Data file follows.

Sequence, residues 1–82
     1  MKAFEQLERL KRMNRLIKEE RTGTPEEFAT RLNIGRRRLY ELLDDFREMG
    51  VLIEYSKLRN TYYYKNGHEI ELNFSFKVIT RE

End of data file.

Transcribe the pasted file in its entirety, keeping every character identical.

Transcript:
Sequence, residues 1–82
     1  MKAFEQLERL KRMNRLIKEE RTGTPEEFAT RLNIGRRRLY ELLDDFREMG
    51  VLIEYSKLRN TYYYKNGHEI ELNFSFKVIT RE